The aggressive nature of the 131 tilapia reeled in at the Bundaberg tilapia fishing competition was evident as fishers said each catch put up a fight.
The event on Saturday was held to raise awareness about the devastating impact these pests have on the environment.
Terri Hanlon said she had a fight on her hands every time she reeled in one of the six tilapia she caught in the competition.
“I tell you what they are the best sports fish, we catch so many varieties of fish and these things are just amazing,” Terri said.
“I’ve caught one before and I do fish a lot.
“Today, the only other thing I caught was a turtle.”
Terri’s fishing partner Helen Johnson out-fished her, catching 33 tilapia, even though they were on the same boat.
“She does it to me every time, I can cast over the top of her and she will pull them in every time, it doesn’t matter, just every time it’s on her line,” Terri said.
“I have known about tilapia, but have never caught one before, Helen did at Mingo Crossing when we were there for a catfish comp, so coming along for this competition has been a lot of fun.”
Out of Helen’s catch of 33 tilapia the biggest was 44cm long and she was surprised by the number of fish caught during the five-hour timeframe.
“Everyone who fished around us was just hauling in tilapia, everyone got tilapia,” Helen said.
“The size of them! I mean we knew they were in here, but we don’t fish in here too beside from the catfish comp with the Bundy Sportsfishing Club.
“We were all amazed and glad we have been able to eradicate a few of them.
“They are mouth breeders, they are like the carp of down south, just prolific.”
Helen said she although she knew there were a lot of native fish species that lived in the area, during the competition she only caught catfish and tilapia.
She encouraged others to take part in future competition to help rid the waterways of the invasive pest.
“It’s great fun, especially for the kids as it’s a way they can learn how to fish and manage these pests,” Helen said.
“Once you find one, you will normally find the school and you can reel them in one after another.
“They travel in large schools, and they breed and are very aggressive and protective of their nests, so once you find one you will normally find more.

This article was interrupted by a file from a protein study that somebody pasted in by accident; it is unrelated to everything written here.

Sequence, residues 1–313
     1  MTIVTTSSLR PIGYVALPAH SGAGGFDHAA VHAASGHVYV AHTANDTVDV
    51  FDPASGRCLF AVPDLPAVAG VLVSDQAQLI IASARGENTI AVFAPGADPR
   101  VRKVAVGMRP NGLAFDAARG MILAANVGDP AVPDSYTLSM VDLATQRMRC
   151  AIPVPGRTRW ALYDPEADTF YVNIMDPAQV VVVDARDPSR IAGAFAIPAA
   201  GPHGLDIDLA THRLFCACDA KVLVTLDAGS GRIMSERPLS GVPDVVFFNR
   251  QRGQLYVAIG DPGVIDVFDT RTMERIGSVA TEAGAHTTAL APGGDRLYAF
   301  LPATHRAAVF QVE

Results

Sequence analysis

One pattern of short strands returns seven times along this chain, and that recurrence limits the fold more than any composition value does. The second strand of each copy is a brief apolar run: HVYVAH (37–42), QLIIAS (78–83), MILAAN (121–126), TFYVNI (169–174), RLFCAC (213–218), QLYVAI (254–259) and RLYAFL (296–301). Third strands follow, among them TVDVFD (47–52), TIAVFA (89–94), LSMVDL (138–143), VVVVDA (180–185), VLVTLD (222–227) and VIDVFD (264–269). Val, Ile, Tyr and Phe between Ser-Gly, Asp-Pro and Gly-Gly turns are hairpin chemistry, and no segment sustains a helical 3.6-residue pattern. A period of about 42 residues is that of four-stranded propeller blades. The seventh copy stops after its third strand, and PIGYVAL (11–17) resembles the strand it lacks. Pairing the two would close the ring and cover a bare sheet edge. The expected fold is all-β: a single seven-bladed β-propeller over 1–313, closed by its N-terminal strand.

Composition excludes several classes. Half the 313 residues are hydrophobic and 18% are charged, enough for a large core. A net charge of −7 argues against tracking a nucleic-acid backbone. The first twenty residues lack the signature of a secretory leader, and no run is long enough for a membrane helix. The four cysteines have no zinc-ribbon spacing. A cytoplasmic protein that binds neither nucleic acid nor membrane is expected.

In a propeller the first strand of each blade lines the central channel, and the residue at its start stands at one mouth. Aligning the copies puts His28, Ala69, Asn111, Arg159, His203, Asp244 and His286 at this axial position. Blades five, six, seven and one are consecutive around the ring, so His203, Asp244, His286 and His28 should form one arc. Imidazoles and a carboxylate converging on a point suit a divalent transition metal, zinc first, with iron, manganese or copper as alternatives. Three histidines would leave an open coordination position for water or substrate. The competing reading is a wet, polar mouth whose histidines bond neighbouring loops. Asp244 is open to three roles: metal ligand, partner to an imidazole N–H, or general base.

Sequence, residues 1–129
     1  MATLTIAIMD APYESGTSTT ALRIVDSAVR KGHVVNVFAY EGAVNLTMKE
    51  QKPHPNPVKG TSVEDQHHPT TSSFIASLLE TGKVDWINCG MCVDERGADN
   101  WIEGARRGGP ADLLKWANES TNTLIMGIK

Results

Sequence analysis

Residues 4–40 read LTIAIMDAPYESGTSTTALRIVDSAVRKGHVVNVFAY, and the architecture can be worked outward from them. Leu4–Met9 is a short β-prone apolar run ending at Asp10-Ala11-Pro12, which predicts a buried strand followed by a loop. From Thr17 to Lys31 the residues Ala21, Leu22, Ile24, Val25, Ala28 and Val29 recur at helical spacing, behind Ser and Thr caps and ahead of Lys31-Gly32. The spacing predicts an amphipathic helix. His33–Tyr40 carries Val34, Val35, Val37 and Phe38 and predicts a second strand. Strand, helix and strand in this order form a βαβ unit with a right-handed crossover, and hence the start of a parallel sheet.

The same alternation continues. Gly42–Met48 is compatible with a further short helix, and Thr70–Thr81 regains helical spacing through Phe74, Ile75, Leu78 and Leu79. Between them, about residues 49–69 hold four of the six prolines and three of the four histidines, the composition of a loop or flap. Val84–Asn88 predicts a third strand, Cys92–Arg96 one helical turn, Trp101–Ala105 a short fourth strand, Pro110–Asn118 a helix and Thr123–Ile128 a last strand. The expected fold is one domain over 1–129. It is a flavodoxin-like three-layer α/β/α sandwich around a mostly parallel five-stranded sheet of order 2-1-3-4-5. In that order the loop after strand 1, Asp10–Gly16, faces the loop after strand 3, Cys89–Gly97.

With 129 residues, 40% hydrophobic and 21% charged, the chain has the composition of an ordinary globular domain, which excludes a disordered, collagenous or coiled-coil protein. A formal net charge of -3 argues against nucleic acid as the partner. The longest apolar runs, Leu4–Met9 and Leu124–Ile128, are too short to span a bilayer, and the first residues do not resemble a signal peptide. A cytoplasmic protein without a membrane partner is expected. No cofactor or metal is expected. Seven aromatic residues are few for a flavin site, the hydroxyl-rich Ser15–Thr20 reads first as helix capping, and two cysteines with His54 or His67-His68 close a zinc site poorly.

“They are mouth breeders so once they have their young, they carry them in mouth until they are able to care for themselves.”
Education key to stopping spread of tilapia
Freshwater Fishing and Stocking Association of Queensland president Charlie Ladd said educating the community on both the native and pest fish species in the local waterways was essential to the long-term survival of fish such as barramundi and Australian bass.
“A small Australian bass was caught here today, which is good news,” Charlie said.
“Tilapia are a very invasive species, very territorial and aggressive.
“Under the right circumstance they can breed up to six times a year where our natives are only once and that’s under the right circumstances.
“At the moment with drought conditions it’s not good for our natives, but the tilapia will keep breeding, they really are resilient and I tell people they would live in a septic tank if they had to, but this isn’t good for our native fish.”
Charlie said the tilapia fishing competition and awareness day was vital in understanding how to manage the waterways for future generations to enjoy.
“It’s very important, I attend between eight and 10 of these pest comps a year and it’s great to have the Bundaberg Council organising this,” he said.
“These fish comps have a multi-level benefit to the community. People are out in the parks, community is getting together for the event while most importantly people are doing something to control the pest fish in their areas.
“It would be nice for a good quantity of fish to be caught but the thing is for people just to have fun and enjoy it.
“One main reason why I come here to educate people and that is because I want my grandsons to be able to catch fish in the future.”
Brett Gamlin said it was a great morning to fish from the bank of Sandy Hook with his granddaughters Alice and Esther Smith.
“The girls love fishing and have been enjoying themselves,” Brett said.
“It’s great to have this as an awareness thing for the community.”
Taleah and Josh Pike said although they didn't catch any fish from the river bank they also enjoyed the morning out.
“We have been trying to catch the fish that aren't supposed to be in the river to get them out, and the fish that are throw them back in,” Taleah said.
“I looked up the tilapia fish on my phone last night to see what it is.”
First tilapia fishing competition deemed a success
Bundaberg Regional Council operational supervisor natural resource manager Greg O'Neill said given the response from the community to the first tilapia fishing competition he hoped it would develop into an annual or bi-annual event to raise awareness in a fun environment.
“We had about 70 registrations for this first event which is really good,” he said.
“We have trophy winners for each category and also prizes from Tackle World and BCF for each participant.
“For the first event we are really happy with the response, seeing grandparents with their kids fishing is really nice and the amount of fish caught has been terrific.”
Greg said the combined weight of the 131 tilapia caught on Saturday came to a total of 77.32kg.
Bundaberg Mary Regional Group’s Matthew Thomson said he grew up in Zimbabwe where tilapia originated, and it's a common fish in the waterways there.
His role at the tilapia fishing competition and awareness day was to help provide information on how destructive invasive species could be in Australia.
“I’ve been chatting with the community about the invasive fish and providing details, such as you can’t take these fish home if you catch them, it’s actually against the law,” Matthew said.
- Earlier report: Tilapia targeted in new fishing competition